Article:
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Going Beyond National Soverignty To Stem The Tide Of Perpetual Conflict And Complete Ecological Collapse

By A. K. Merchant

24 May, 2014

As systems of governance in their entirety have become increasingly dysfunctional, international socio-economic and political order requires an entirely new approach and methodology to address the intractable problems confronting nations. The perspective offered by the author is based on his experiences as a social worker that utilizes the spiritual resources of religions as well as the best that secular principles have to offer for building sustainable societies. He is confident, it is still possible to stem the tide of perpetual conflict and complete ecological collapse through a reordering of the present-day structures for the management of our planet.


Events of the most profound significance are taking place in the world. Confusion and panic are widespread and our planet is a state of great turmoil. From Black Sea to Korean peninsula to the Middle East to China Seas and even the Arctic the river of human history is rushing at a bewildering speed. Age-old institutions are collapsing and traditional ways are being forgotten. How shall we address the manifold crises our times? Let’s ponder and reflect, look at the relics of the past, how they never cease to instruct and amaze. See the skeletons of dinosaurs embedded in rock and clay, they had once ruled the earth. See the swords and crown of emperors in dusty museums, they too had once ruled the earth: To what consequence? Things and beings come, play their roles and then their memories too are lost in the sands of time. So what is it that really matters, that will still be there when all things are gone? When kings, emperors, empires, ideologies, the latest technologies too, are all gone? When the memories of the memories of all these are gone? What will still be there? All have perished and disappeared as decreed by the Almighty, nothing remains of them but scattered dust.

Creating sustainable societies that extend from the local to the global level--covering urban and rural areas—will require a fundamental reorientation of both the principles and institutional arrangements related to production and consumption. Initiatives that encourage the creation and distribution of wealth in rural regions and policies that prevent the forces of economic globalization from marginalizing grassroots initiatives deserve particular attention. Promising approaches include strengthening local capacity for technological innovation and fostering respect for the knowledge possessed by a community or culture. Many of the expressions of our times grossly reflect immaturity on the part of the nation-states, as well as individuals, institutions and the civil society at large. Dislocations and disruptions in majority of the countries have become the daily menu of populations, following is a short list: (i) protests leading to rebellion, (ii) love of excessive of freedom in the fight for one's human rights, (iii) skepticism vis-a-vis people in authority, (iv) glorification of individual achievements, (v) and promotion of material pursuits and standards,(vi) consumerism, (vii) destruction of public property, (viii) man-made disasters and what-have-you. Based on spiritual truths contained in holy books of the world’s great religions those who are in leadership positions must guarantee certain universal freedoms, promote universal suffrage, foster sane and legitimate patriotism, encourage the acquisition of wealth through honest means, uphold the principle of property rights, recognize the achievements and sacrifices of individuals who are serving the disadvantaged multitudes.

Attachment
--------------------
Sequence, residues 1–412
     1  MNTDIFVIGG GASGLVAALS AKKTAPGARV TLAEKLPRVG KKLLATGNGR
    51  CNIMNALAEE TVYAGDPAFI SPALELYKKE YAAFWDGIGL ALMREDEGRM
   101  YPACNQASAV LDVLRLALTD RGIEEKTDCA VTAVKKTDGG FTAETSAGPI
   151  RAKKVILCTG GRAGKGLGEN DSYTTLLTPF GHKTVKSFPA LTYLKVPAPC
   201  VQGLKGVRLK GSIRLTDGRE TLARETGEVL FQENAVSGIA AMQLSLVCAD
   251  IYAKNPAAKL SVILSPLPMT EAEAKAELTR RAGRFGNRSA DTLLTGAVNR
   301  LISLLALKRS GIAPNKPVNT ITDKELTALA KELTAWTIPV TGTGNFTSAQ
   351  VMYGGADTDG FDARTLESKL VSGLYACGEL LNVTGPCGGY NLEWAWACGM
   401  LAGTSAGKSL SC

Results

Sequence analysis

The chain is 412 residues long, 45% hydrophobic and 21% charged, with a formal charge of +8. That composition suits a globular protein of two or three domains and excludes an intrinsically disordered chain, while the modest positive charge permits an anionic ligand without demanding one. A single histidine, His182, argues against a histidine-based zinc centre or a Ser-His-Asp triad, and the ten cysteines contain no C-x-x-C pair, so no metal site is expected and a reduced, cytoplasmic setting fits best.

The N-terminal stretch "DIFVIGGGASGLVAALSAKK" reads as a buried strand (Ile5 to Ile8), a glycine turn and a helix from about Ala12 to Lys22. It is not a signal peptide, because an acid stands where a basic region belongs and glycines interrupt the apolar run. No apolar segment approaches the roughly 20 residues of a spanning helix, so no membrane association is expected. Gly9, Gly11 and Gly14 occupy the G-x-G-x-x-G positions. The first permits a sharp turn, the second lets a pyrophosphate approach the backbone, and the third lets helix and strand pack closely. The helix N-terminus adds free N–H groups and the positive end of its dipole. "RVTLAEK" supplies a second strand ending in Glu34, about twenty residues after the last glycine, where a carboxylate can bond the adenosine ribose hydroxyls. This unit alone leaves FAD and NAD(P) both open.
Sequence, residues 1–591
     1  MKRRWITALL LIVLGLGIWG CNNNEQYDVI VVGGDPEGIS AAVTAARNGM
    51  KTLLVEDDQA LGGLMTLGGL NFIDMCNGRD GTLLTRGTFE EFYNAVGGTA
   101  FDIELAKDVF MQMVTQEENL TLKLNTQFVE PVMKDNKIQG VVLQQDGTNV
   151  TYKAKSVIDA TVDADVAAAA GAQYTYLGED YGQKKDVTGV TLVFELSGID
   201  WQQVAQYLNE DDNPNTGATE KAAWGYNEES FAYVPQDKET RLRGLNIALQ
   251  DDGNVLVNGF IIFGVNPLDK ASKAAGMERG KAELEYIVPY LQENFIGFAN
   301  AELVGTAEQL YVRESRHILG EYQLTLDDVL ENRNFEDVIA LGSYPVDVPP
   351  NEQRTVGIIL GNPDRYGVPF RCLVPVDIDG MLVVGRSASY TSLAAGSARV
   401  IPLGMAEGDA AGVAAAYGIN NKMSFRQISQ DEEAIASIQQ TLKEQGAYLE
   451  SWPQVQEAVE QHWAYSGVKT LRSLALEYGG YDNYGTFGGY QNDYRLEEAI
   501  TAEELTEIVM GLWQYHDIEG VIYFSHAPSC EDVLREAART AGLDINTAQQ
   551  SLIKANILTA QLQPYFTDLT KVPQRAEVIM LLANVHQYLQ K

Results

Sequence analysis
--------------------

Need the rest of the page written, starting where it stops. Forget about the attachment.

The horrific experiences of wars in the history of humankind and the resultant two World Wars gave us the League of Nations and the United Nations respectively; the frequency with which world leaders, particularly with the ending of the Cold War and the rise of international terrorism, have met and debated on global issues; the renewed call for a global order that issued from the leaders at the Millennium Summits in 2000; the multiplication of organizations of civil society that focus attention on a variety of international concerns through the operation of an ever-expanding network of activities; the widespread debates on the need for global governance and numerous organized efforts towards world peace; the emergence of international tribunals; the rapid developments in communications technology that have made the planet borderless - these are among the voluminous evidences of an accelerating momentum of a human race desperately seeking to create a new socio-economic Order.

In restoring the value system legislators and law-makers will need to think in terms of curbing the rampant individualism that has come to characterize our culture, and seek instead to nurture the ideals of service and compassion. Unless the judiciary and legal institutions functioning in tandem with other branches of the state are able to reverse the present-day dangerous trends our civilization is doomed to perish. "The principal cause of the suffering, which one can witness wherever one turns, is the corruption of human morals and the prevalence of prejudice, suspicion, hatred and untrustworthiness and selfishness and tyranny among men." The increase in crime, the break-down of the institution of marriage, mental illness, and alcoholism, the dependence upon tranquilizers, the escape from reality into the drug experience, the breakdown of law and order, the corruption of political institutions, and the unethical practices of modern business and industry are all symptomatic of the decomposition of the civilization, as we know it.